In Korean, to say "something is broken", you use the past form of the verb 고장나다.

텔레비전이 고장났어요.

But now I wonder how to say "something got broken", meaning the malfunction happened in the past. Is it fine to say 텔레비전이 고장났었어요?

Adding "It got broken" and "It's broken" to the Google translate returned the same thing - 고장났어.

At least I understand some verbs such as 못생겼어요 is used in the past form to mean the present tense. But then how do you differentiate it from the pure past tense usage?

  • 1
    Some distinctions don't transfer across languages easily. E.g. 형 vs 오빠 vs (남)동생
    – Michaelyus
    Commented Sep 18, 2019 at 16:38

2 Answers 2


You cannot take tense from one language, apply to another language, and expect no change. Remember, there's no such thing as "pure past tense". What you're asking about is an English expression with an English past tense.

The Korean expression, "텔레비전이 고장났어요", expresses an event that has happened in the past: in fact, it's almost exactly like the English sentence "The television broke." Due to the nature of the event, when we say it, the most likely interpretation is that the television broke, and it stayed broken until now: so it is in a broken state.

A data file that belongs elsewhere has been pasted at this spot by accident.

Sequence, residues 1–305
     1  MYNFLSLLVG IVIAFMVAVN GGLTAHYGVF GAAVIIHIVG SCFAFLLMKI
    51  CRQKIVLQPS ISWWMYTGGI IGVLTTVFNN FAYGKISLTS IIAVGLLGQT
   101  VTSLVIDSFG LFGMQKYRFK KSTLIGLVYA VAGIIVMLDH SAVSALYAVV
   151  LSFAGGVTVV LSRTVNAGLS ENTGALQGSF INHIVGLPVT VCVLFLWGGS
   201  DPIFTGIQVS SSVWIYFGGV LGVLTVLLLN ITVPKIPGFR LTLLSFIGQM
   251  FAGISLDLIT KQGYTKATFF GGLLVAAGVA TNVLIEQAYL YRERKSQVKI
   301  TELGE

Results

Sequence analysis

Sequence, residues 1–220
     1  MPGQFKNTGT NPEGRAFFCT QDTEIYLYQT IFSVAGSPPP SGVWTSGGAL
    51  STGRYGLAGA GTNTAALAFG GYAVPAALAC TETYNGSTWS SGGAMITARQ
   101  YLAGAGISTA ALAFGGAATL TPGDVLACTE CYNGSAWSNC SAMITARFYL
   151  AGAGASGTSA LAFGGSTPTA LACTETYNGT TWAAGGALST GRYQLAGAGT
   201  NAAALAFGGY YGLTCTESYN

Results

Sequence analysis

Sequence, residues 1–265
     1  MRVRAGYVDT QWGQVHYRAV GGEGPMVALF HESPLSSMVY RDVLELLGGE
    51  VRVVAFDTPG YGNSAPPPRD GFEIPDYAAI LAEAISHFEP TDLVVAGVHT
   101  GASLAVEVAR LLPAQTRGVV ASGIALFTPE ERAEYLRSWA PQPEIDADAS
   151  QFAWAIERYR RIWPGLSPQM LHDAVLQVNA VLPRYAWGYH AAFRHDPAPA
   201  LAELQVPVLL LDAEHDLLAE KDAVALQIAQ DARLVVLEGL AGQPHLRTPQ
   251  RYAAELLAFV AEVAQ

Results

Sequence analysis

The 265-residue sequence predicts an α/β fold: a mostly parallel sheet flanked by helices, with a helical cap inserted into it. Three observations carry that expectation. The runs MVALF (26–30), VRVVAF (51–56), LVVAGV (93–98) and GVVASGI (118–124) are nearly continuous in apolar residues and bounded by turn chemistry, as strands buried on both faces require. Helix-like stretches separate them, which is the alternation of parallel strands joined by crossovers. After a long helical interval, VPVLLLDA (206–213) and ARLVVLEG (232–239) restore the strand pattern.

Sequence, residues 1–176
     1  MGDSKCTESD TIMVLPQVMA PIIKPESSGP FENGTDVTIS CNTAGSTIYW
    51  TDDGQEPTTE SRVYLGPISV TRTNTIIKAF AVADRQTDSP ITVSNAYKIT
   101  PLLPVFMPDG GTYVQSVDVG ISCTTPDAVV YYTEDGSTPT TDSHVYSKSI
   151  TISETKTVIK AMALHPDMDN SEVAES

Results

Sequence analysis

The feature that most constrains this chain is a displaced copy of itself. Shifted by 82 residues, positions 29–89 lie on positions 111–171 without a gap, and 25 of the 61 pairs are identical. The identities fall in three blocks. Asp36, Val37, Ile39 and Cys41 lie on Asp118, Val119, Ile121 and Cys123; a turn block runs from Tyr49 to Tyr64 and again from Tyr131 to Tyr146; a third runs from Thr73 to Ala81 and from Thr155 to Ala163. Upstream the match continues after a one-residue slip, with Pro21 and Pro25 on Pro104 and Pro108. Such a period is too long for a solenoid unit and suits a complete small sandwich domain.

However, given additional information, the expression could be used to mean that the TV had broken, but it isn't broken now. In both English and Korean:

텔레비전이 고장났는데 좀 전에 수리기사가 와서 고쳤어요.

The television broke, but the repair guy came and fixed it moments ago.

If you really have to clarify, then you can, as in these examples. (Note: as always, the English counterpart is rough equivalent.)

텔레비전이 고장나 있어요. = The television is broken (i.e., is in a broken state now).

텔레비전이 고장났었어요. = The television had been broken. (Either it's fixed now, or it is irrelevant now.)

However, just as an English speaker would rarely say "This television is in a broken state," you normally don't say "텔레비전이 고장나 있어요", unless there's a specific reason for it. (E.g., you don't know why it broke, but you just found that it is in a broken state, and you want to emphasize your lack of information.)

In most cases, simply say "텔레비전이 고장났어요": that would be enough.


Adjectives become past tense when "-었" is added once. "좋았다", "없었다", "달랐다" are examples. However, both "고장나다" and "못생기다" are stative verbs.

As you wrote, you can express the past tense of these verbs by using "고장났었다" and "못생겼었다". But this alone can be awkward. You need to specify the tense:

  • 예전에 텔레비전이 고장났었다.
  • 예전에 나는 못생겼었다.

Expressing the tense is a much more certain way. In fact, the following expressions are fine:

  • 예전에 텔레비전이 고장났다.
  • 예전에 나는 못생겼다.

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